• Delays in speech development or difficulty speaking
  • Difficulty with precise motions, such as picking up a crayon or spoon
  • Seizures

The disability associated with cerebral palsy may be limited primarily to one limb or one side of the body, or it may affect the whole body. The brain disorder causing cerebral palsy doesn't change with time, so the symptoms usually don't worsen with age. However, muscle shortening and muscle Rigidity may worsen if not treated aggressively.

Brain abnormalities associated with cerebral palsy also may contribute to other neurological problems. People with cerebral palsy may also have:

  • Difficulty with vision and hearing
  • Intellectual disabilities
  • Seizures
  • Abnormal touch or Pain perceptions
  • Oral diseases
  • Mental health (psychiatric) conditions
  • Urinary incontinence

When to see a doctor

It's important to get a prompt diagnosis for any movement disorder or possible delays in your child's development. See your child's doctor if you have any questions or concerns about episodes of loss of awareness of surroundings or of abnormal bodily movements (also known as seizures), abnormal muscle tone, impaired coordination, swallowing difficulties, eye muscle imbalance, or other developmental issues.



What are the causes for cerebral palsy?

Cerebral palsy is caused by an abnormality or disruption in brain development, usually before a child is born. In many cases, the exact trigger isn't known. Factors that may lead to problems with brain development include:

  • Mutations in genes that lead to abnormal brain development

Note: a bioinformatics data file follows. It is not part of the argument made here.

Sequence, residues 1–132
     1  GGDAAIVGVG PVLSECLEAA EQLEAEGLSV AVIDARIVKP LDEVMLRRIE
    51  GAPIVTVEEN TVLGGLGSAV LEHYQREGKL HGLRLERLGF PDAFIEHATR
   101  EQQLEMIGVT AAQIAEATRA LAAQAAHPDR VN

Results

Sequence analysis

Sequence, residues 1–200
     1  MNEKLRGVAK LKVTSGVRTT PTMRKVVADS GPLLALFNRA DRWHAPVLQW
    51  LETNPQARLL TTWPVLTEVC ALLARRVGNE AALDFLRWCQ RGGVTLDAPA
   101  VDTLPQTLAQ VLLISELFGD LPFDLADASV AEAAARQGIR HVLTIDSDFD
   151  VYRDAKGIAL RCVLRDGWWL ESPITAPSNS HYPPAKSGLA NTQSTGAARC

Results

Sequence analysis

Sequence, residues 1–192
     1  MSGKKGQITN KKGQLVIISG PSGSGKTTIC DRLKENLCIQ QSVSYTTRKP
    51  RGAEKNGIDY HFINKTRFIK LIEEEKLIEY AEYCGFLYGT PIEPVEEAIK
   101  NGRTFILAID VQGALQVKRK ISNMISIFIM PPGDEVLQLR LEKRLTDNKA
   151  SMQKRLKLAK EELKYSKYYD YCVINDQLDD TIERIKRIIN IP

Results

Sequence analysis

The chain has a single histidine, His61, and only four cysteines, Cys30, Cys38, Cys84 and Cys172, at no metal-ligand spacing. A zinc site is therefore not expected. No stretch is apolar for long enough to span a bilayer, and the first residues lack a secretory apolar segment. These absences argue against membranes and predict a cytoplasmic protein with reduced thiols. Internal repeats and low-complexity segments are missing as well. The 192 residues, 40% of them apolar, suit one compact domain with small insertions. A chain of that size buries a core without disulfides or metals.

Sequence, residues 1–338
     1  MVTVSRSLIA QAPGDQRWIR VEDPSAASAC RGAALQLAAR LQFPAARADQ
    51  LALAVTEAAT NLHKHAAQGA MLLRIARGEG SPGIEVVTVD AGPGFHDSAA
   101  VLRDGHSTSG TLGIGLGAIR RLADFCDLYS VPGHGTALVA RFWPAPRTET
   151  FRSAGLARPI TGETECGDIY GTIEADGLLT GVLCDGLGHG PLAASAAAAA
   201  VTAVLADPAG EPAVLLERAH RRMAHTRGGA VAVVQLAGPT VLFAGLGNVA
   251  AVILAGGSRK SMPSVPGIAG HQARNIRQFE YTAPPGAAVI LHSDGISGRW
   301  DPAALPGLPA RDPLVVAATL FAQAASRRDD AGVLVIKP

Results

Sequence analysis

• Maternal infections that affect the developing fetus
  • Fetal stroke, a disruption of blood supply to the developing brain
  • Infant infections that cause inflammation in or around the brain
  • Traumatic head injury to an infant from a motor vehicle accident or fall
  • Lack of oxygen to the brain (asphyxia) related to difficult labor or delivery, although birth-related asphyxia is much less commonly a cause than historically thought



What are the treatments for cerebral palsy?

Children and adults with cerebral palsy may require lifelong care with a medical care team. Besides a pediatrician or physical medicine and rehabilitation specialist (physiatrist) and possibly a pediatric neurologist to oversee your child's medical care, the team might include a variety of therapists and mental health specialists. These experts give special attention to needs and issues that are more common in people with cerebral palsy and can work together with your primary care provider. Together you can develop a treatment plan.

There is no cure for cerebral palsy. However, there are many treatments options that may help improve your child's daily functioning. Selecting care will depend on his or her specific symptoms and needs, and needs may change over time. Early intervention can improve outcomes.

Treatment options can include medications, therapies, surgical procedures and other treatments as needed.

Medications

Medications that can lessen muscle tightness might be used to improve functional abilities, treat pain and manage complications related to spasticity or other cerebral palsy symptoms.

  • Muscle or nerve injections. To treat tightening of a specific muscle, your doctor might recommend injections of onabotulinumtoxinA (Botox), or another agent. The injections will need to be repeated about every three months.

    Side effects can include pain at the injection site and mild flu-like symptoms. Other more-serious side effects include difficulty breathing and swallowing.

  • Oral muscle relaxants. Drugs such as baclofen, tizanidine (Zanaflex), diazepam (Valium) or dantrolene (Dantrium) are often used to relax muscles.